“Last year, the FCC gave us authority to implement technology to allow consumer-initiated robocall blocking. However, there are no technologies currently available that can accurately distinguish illegal robocalls from legitimate calls, which could include emergency calls,? reads the statement.
?In fact, many robocallers even spoof legitimate phone numbers, making it even more challenging. As a matter of law, we don?t have permission to block legitimate calls ? that is a violation of the Communications Act. We?re continuing our work to find a solution that can identify illegal robocalls 100% of the time. Until then, we cannot risk blocking legitimate calls from consumers. But in the interim, although not a perfect solution, consumers can use apps like Nomorobo to block these calls.”
Again though: bullshit. One, this hasn’t been a problem for any other large company; companies like Time Warner Cable and Verizon that have offered such services face no such problems. AT&T also forgets to mention that it already offers a call-blocking service for landline customers (to the tune of an extra $8.50 per month) with apparently no such issues. And of course, given that AT&T was the one that effectively made mouseprint binding arbitration a permanent fixture in America, annoyed consumers wouldn’t be able to sue AT&T anyway:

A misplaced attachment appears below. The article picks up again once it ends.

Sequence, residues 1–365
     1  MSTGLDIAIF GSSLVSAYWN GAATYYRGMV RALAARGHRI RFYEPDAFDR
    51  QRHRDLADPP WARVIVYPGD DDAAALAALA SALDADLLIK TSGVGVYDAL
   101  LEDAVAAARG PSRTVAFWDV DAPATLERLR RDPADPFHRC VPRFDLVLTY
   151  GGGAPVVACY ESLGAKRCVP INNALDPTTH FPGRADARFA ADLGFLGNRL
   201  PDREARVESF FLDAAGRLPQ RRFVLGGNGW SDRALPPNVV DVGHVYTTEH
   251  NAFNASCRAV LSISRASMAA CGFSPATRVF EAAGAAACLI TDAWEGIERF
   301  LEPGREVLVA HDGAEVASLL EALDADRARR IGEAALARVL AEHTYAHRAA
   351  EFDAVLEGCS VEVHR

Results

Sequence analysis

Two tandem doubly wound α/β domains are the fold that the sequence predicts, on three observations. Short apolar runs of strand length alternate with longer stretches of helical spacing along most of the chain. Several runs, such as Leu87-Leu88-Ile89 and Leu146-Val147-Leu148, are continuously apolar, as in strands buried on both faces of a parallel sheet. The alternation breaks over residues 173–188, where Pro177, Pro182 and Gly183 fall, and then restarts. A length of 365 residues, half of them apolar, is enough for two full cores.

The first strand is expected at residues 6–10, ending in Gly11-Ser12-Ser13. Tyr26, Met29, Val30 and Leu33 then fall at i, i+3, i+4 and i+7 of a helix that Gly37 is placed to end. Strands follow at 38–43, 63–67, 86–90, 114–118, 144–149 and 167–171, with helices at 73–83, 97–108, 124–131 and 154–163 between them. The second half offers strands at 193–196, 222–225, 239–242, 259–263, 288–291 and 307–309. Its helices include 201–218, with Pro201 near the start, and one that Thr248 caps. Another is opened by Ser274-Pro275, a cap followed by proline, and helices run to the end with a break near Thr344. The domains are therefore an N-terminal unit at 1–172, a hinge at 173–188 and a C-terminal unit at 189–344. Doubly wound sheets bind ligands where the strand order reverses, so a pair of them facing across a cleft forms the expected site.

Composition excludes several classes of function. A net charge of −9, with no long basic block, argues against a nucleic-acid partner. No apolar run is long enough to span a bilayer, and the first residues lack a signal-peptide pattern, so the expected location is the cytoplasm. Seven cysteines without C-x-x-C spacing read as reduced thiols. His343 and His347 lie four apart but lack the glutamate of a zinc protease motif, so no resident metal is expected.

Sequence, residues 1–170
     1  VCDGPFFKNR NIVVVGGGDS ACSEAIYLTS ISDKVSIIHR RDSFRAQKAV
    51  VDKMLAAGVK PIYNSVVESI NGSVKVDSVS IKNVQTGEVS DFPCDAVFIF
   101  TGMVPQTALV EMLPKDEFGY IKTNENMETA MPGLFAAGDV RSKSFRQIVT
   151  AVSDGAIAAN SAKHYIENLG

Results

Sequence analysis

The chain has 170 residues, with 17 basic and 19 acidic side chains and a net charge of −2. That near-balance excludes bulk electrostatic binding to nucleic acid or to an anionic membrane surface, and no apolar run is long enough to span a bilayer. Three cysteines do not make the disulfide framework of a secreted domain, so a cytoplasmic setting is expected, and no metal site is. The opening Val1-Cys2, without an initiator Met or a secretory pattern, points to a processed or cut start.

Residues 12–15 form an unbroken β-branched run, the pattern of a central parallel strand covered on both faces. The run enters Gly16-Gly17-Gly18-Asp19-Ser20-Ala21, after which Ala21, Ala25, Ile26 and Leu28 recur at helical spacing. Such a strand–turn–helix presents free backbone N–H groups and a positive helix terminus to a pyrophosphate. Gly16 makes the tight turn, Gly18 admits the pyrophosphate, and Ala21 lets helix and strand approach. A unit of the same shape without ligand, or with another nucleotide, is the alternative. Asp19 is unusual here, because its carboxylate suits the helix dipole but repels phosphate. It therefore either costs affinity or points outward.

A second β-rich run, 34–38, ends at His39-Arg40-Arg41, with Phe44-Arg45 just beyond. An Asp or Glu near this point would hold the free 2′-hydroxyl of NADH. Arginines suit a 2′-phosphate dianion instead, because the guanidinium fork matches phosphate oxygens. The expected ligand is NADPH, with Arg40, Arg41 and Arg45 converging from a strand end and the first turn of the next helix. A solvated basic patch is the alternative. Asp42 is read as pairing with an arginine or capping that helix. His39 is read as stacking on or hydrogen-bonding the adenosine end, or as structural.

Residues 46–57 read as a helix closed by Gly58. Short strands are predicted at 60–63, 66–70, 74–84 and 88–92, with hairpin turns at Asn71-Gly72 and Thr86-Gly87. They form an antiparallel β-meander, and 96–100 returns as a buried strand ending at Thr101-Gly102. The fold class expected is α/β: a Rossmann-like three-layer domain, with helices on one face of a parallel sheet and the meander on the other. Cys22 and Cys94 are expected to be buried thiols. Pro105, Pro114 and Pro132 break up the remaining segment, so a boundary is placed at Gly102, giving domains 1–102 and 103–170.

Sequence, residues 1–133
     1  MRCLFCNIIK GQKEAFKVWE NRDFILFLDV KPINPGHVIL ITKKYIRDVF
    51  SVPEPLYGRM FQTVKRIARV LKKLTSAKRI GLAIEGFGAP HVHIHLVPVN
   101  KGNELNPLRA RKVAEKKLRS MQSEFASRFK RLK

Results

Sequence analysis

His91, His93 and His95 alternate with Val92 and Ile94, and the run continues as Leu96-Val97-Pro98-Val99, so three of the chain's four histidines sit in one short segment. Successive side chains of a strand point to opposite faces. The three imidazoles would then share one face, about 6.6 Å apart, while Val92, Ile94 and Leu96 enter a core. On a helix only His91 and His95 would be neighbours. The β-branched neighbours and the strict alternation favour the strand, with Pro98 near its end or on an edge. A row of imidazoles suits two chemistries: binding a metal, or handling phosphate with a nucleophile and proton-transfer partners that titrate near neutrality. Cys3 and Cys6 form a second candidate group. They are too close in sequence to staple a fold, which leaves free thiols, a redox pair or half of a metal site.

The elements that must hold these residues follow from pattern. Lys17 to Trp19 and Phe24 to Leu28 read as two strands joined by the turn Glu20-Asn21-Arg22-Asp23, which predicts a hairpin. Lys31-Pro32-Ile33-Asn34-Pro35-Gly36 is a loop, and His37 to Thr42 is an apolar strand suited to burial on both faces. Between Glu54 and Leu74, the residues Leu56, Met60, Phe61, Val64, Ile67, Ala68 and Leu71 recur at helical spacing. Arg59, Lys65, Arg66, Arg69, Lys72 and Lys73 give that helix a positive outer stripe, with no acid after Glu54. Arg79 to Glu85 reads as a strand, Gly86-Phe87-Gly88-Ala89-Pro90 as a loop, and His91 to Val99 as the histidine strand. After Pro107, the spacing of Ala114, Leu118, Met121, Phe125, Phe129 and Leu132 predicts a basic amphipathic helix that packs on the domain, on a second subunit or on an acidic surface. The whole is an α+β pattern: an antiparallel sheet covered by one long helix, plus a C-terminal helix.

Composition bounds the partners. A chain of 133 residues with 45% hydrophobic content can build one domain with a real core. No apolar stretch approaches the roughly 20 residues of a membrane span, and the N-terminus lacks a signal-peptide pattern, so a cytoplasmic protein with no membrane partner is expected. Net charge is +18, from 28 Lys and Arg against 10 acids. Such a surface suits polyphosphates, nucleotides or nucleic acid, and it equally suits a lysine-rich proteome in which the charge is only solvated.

“Of course, even if AT&T screwed up and deployed a horrible call-blocker that caused you to miss only important calls, you couldn?t sue the company. The 2011 Supreme Court ruling in AT&T Mobility v. Concepcion upheld the use of forced arbitration clauses and class-action bans in customer contracts. So not only can?t you take AT&T to court if it breaks the law, you can?t enter into a group arbitration with other AT&T customers.”